Chronic Obstructive Pulmonary Disease (COPD) is the fourth leading cause of chronic morbidity and mortality in the United States. As COPD progresses, patients develop more frequent and severe exacerbation, and have an increased rate of emergency room visits and hospitalizations, particularly in the night time and early hours of the day when lung function is lowest and steroids and bronchodilators have their smallest effects. Patients with COPD have abnormal circadian rhythm, reflected in circadian changes in the airway caliber and resistance and respiratory symptoms. However, the cellular and molecular mechanism that underlies altered circadian rhythm in lungs of patients with COPD is not understood. Circadian clock period proteins (Per) and cryptochrome (Cry) and their transcriptional activators core CLOCK and BMAL1 regulate intrinsic daily rhythm, but the role of these molecular oscillators in lung physiology and pathology in response to environmental cues is not known. Our preliminary data show the presence of circadian oscillator in mouse and human lungs and further show that this clock oscillation is disturbed by cigarette smoke (CS) and in patients with COPD. Our preliminary data further show that the acetylation of BMAL1 and Per2 is increased in bronchial epithelial cells, macrophages and lungs of mice exposed to CS, and in sputum and lung cells from COPD patients associated with reduction in the activity/level of deacetylase sirtuin 1 (SIRT1). Genetic ablation of SIRT1 leads to dampening of circadian clock associated with exaggerated lung inflammatory responses and decline in lung function, suggesting that SIRT1 plays a regulatory role in lung circadian physiology. However, the functional consequence of altered circadian rhythmicity in lungs by CS is not known. We, therefore, hypothesize that circadian proteins BMAL1 and Per2 are altered by CS via downregulation of SIRT1 leading to disruption of circadian rhythm, increased lung inflammation and steroid resistance associated with decline in lung function in mouse model of COPD/emphysema and its exacerbations. We propose the three specific aims to test this hypothesis in vitro in bronchial epithelial cells and macrophages and in vivo in mouse lungs exposed to CS. We propose to: (1) determine the molecular mechanisms by which CS exposure results in alteration of circadian proteins BMAL1 and Per 2 in human bronchial epithelial cells, macrophages and in mouse lungs;(2) determine the mechanisms whereby SIRT1 regulates BMAL1, inflammatory response and circadian periodicity by CS;and (3) determine the role of circadian proteins and SIRT1 on CS-mediated alteration in circadian periodicity, inflammation and steroid resistance in a mouse model of COPD and its exacerbations, and in patients with exacerbations of COPD. Overall, this study will understand the cellular and molecular mechanisms of peripheral circadian-coupled lung functions and identify SIRT1 as novel target for strategic chronotherapeutic manipulation of circadian proteins and reversal of steroid resistance.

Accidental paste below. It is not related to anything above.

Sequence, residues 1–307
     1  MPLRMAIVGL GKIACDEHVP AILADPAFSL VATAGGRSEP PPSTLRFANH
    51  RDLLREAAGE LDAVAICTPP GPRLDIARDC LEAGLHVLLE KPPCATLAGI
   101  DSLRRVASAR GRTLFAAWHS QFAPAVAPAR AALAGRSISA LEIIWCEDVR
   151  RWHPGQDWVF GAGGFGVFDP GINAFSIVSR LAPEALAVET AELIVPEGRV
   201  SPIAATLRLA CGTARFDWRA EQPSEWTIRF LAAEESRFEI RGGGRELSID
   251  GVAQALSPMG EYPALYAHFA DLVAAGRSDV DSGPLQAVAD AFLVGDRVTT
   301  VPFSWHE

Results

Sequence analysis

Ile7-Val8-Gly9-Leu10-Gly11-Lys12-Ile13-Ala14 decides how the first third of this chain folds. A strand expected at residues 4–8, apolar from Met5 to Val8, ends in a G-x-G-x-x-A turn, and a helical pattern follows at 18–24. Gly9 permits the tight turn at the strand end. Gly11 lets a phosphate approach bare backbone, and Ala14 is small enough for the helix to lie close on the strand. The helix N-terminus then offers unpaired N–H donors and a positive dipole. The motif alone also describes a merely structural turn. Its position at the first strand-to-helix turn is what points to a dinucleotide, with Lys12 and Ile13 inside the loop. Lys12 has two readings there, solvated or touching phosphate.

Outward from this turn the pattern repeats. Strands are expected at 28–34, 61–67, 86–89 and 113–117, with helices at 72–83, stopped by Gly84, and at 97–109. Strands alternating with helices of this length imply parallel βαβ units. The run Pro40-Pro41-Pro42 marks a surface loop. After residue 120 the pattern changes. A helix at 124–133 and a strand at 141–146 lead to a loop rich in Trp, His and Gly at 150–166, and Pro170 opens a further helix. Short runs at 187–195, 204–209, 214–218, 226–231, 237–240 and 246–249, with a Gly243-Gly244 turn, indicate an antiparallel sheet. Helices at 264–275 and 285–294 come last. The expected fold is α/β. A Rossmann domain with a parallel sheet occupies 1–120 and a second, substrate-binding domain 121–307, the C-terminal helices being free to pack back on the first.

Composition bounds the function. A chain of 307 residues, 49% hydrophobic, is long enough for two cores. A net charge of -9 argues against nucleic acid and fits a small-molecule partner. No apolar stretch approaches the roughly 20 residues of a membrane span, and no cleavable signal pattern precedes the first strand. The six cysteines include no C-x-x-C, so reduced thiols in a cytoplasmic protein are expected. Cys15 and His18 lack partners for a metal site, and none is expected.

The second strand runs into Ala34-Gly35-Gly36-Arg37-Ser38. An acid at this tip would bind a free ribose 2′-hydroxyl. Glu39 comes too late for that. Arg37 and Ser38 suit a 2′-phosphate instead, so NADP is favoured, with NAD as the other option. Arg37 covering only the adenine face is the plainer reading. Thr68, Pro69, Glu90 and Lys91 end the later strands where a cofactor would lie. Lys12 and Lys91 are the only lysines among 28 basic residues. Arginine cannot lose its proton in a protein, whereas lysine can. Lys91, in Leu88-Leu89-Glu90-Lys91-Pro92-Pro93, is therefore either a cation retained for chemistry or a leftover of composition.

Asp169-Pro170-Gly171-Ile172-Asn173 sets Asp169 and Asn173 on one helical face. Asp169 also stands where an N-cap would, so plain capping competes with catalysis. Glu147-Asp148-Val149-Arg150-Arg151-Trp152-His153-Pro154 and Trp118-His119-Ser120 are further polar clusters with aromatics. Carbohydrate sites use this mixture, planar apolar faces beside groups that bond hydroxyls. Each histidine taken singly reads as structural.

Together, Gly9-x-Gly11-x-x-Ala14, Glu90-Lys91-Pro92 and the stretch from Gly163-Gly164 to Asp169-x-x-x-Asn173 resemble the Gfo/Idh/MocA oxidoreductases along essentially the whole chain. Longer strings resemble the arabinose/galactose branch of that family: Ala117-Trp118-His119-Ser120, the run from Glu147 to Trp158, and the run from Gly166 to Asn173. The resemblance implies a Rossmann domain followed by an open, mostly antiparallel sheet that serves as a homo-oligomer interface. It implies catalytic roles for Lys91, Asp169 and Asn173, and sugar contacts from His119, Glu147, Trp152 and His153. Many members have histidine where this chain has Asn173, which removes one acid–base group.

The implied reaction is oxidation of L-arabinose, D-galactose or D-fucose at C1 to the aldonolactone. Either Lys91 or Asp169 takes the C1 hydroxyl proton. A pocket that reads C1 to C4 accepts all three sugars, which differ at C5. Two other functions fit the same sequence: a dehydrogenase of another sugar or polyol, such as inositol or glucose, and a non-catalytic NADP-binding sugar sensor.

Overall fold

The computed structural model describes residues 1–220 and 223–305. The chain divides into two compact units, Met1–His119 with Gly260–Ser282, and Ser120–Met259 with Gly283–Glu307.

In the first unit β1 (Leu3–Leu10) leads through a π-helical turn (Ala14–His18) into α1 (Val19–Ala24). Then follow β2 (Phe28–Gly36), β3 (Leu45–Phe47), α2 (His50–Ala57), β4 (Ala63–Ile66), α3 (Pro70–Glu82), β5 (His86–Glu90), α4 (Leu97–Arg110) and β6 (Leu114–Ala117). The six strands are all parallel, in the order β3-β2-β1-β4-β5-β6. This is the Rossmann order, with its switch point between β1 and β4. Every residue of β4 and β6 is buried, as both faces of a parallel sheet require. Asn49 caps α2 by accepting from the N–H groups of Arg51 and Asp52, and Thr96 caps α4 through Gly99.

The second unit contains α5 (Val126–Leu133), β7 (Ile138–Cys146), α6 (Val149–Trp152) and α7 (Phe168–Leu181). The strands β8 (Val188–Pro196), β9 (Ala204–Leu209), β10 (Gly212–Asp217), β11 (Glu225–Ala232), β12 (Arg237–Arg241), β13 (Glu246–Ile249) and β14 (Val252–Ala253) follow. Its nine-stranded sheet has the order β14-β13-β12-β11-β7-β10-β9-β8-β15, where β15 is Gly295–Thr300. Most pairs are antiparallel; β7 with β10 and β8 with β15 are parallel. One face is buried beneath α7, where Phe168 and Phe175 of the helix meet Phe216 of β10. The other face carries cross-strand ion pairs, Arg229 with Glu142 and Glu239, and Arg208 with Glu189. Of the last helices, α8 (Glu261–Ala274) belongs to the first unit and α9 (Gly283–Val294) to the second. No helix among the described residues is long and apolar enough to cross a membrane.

Impact on public health: COPD is the fourth leading cause of chronic morbidity and mortality in the United States, hence it is a major public health concern. Circadian regulation of COPD exacerbations is associated with worsening and rapid decline in lung function in patients with COPD where current therapies are palliative. Our research will identify the mechanisms of molecular circadian clock in lung cells regulating lung inflammation and augment the therapeutic potentials of steroids and bronchodilators by modulating circadian proteins in COPD.
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